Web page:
A coalition of Jewish American and pro-Israel groups pressured Morningstar into gradual changes in its use of sources and processes to develop its ratings, leading to the removal of potentially unfair controversy ratings from more than 100 firms, signaling a 94% decrease.
“The topic of human rights is complex, and while it represents a small part of Sustainalytics’s research and ratings, it is important to many investors when they evaluate risks in their portfolios,” a Morningstar spokesperson told JNS in a statement.
“Morningstar is committed to continuing rigorous, independent research in this space, and following concerns of anti-Israel bias, we engaged in a productive and transparent process to fortify objectivity, transparency, and consistency in our work,” the spokesperson added.
The recommendations of the new report are to be implemented before the end of the year, according to Morningstar.
The report found that referring to “occupied territories/disputed regions” as a negative element of a business’s profile “is neither statistically meaningful nor analytically necessary to assess a company’s engagement in human rights violations.”
The experts stated in the report that the “focus on the affected companies and the emotive issues associated with the Israel-Palestinian Conflict Area viewed primarily through the lens of ‘occupation’ or ‘dispute’ renders this incident type particularly susceptible to actual or perceived bias.”
Another key recommendation is to evaluate human rights violations by “examining facts on the ground” rather than by “relying solely on uncorroborated media accounts.”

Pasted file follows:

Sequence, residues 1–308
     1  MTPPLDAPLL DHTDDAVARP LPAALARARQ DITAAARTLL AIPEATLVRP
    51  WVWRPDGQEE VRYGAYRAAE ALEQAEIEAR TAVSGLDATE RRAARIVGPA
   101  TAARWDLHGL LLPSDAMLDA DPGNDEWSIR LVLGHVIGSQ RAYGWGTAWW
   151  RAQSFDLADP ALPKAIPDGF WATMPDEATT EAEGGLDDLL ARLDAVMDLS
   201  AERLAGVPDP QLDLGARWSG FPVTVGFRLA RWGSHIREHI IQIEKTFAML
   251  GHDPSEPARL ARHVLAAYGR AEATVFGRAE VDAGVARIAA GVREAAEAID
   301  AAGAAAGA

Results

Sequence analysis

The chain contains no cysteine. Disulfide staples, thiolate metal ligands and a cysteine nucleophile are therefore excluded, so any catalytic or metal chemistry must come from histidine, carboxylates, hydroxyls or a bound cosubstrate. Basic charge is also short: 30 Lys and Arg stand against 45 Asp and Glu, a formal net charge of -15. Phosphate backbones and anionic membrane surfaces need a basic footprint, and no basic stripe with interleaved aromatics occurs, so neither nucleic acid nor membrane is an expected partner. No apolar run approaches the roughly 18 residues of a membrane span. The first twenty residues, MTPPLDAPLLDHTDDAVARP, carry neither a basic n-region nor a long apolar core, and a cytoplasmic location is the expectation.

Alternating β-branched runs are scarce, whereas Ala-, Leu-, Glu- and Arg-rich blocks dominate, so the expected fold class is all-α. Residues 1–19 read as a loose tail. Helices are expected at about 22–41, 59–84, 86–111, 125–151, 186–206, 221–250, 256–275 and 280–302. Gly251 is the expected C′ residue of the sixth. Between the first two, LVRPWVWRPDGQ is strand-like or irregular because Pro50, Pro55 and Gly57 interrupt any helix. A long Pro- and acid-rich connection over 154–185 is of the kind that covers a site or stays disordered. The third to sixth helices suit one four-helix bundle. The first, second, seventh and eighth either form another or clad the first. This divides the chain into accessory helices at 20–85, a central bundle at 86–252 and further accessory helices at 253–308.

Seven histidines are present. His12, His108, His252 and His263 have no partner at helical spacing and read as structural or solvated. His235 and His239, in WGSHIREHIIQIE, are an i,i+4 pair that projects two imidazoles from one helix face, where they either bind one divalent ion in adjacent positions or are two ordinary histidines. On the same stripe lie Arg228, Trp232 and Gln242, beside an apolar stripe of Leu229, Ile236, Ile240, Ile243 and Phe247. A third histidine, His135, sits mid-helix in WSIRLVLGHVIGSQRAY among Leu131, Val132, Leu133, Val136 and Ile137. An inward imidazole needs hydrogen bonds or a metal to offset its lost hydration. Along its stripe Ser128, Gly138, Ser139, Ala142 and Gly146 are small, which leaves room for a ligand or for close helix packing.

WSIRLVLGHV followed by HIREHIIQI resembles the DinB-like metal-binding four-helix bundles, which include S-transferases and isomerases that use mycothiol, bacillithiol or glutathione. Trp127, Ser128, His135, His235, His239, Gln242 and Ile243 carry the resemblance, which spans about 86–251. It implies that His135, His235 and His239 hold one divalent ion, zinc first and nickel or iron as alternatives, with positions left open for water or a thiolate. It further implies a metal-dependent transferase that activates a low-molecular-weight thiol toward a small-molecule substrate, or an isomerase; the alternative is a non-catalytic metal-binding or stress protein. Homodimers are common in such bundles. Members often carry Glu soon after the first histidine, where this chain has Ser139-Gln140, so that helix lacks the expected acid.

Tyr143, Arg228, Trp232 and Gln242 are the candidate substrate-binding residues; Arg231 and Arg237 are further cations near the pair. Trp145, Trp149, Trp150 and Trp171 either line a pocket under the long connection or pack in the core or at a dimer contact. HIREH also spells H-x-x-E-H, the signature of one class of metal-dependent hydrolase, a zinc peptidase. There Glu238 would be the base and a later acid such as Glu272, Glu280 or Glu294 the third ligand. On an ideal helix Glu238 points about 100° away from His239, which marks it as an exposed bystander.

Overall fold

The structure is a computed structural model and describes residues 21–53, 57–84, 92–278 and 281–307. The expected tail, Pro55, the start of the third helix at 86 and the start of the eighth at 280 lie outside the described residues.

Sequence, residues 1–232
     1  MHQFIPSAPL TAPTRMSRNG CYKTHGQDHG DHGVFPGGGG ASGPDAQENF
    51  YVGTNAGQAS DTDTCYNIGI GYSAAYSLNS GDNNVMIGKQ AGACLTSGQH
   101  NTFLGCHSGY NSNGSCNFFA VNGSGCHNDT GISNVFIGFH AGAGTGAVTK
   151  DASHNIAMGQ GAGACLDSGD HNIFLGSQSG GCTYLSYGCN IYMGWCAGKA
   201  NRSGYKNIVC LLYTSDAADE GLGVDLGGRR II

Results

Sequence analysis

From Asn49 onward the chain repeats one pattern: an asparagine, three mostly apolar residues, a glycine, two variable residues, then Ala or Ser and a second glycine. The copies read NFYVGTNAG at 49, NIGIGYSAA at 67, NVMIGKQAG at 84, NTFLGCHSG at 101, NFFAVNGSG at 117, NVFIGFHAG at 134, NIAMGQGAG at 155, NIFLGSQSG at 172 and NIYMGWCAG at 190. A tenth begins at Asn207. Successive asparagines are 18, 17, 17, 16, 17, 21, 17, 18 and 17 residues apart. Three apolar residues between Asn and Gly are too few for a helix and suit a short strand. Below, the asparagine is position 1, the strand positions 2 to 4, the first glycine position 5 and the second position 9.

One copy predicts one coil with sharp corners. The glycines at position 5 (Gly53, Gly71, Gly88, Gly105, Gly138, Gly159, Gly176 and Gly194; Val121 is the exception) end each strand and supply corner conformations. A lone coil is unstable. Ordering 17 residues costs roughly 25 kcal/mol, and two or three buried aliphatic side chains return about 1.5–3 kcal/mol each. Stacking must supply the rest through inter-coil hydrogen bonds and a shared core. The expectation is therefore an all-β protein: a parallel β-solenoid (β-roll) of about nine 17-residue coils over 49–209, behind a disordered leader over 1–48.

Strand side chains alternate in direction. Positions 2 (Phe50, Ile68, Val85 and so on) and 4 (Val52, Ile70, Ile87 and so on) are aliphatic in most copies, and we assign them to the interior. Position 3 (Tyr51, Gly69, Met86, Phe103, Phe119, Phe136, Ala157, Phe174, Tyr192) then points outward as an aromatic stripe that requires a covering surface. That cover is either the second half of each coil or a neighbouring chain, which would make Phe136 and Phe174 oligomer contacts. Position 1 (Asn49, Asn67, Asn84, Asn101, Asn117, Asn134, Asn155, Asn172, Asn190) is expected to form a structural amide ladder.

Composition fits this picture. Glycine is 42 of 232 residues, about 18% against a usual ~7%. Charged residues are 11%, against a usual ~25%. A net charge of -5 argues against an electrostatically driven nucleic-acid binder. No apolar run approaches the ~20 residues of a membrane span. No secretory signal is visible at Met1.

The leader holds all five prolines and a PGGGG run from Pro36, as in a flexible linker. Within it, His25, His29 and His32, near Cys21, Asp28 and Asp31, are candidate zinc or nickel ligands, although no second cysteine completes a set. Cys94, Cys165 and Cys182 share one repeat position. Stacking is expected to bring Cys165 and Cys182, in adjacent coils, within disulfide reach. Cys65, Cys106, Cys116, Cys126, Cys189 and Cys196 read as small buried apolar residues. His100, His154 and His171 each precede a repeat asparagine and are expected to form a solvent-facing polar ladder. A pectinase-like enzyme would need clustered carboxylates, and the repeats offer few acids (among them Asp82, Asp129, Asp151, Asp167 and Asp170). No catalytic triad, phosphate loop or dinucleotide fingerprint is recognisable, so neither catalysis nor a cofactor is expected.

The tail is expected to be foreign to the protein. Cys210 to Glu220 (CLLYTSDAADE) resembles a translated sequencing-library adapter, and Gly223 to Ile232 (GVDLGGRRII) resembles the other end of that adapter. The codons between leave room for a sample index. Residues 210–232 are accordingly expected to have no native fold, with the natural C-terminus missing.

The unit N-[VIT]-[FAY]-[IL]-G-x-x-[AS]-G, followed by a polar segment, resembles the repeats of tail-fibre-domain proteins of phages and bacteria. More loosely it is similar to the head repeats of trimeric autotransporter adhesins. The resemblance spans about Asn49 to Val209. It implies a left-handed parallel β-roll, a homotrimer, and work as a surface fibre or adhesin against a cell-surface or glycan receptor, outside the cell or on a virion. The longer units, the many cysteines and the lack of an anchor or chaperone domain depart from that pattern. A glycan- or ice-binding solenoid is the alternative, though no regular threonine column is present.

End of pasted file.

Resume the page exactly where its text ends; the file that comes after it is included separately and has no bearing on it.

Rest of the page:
Critics of Sustainalytics had long pointed to its propensity for incorporating material from media outlets and other sources tied to the boycott Israel movement. This sometimes meant that unfavorable media coverage of Israel could lead to manipulated ratings.
“Reliance on credible sources does not necessarily equate to credible information that should drive objective risk analysis,” per the report. “Interested parties or non-governmental actors can generate media reporting to advance their own objectives by besmirching legitimate business activities in the Israel-Palestinian Conflict Area.”
The experts recommended that Sustainalytics “establish more rigorous procedures for assessing the underlying facts contained in media reports, regardless of the purported reliability of the media entity.”
Coinciding with that, Sustainalyitcs, per the expert recommendations, will be required to “clearly define what specific human rights a business is alleged to be violating.”
Critics previously noted that Sustainalytics issued negative ratings to business operations on the sole basis of their operating in “occupied” territories rather than violation of international law.
Rachel Lerman, general counsel at the Louis D. Brandeis Center for Human Rights Under Law, has been involved with the coalition seeking changes at Morningstar. “You can treat a disease by treating the symptoms or by treating the body, and I think they’ve elected to treat the body,” she told JNS.
Rather than focusing on one business or another, the recommendations are structural and could be applied at other ESG rating agencies, according to Lerman. “What they recommend would make the product a lot better,” she said.
Lerman is “cautiously optimistic” that Morningstar will adopt the recommendations. The experts who compiled the report are due to issue a follow-up report on the implementation of their guidance.
“All of us had a tendency to be very skeptical, including myself. So, I feel like this report was a real shot in the arm,” Lerman said. “If they don’t do anything with this, then of course, it’ll be for naught. But if they do, and if we can convince other companies to do the same, I think there’s hope.”
Rich Goldberg, senior advisor at the Foundation for Defense of Democracies and a harsh critic of Morningstar’s practices, told JNS that the true test is whether the handful of companies remaining on Morningstar’s controversies list doing business in Judea and Samaria are removed.
“The bottom line question is whether the recommendations translate to actions,” he said. “If the remaining BDS controversies come off Israeli companies after this, we can finally say that Morningstar is BDS-free.”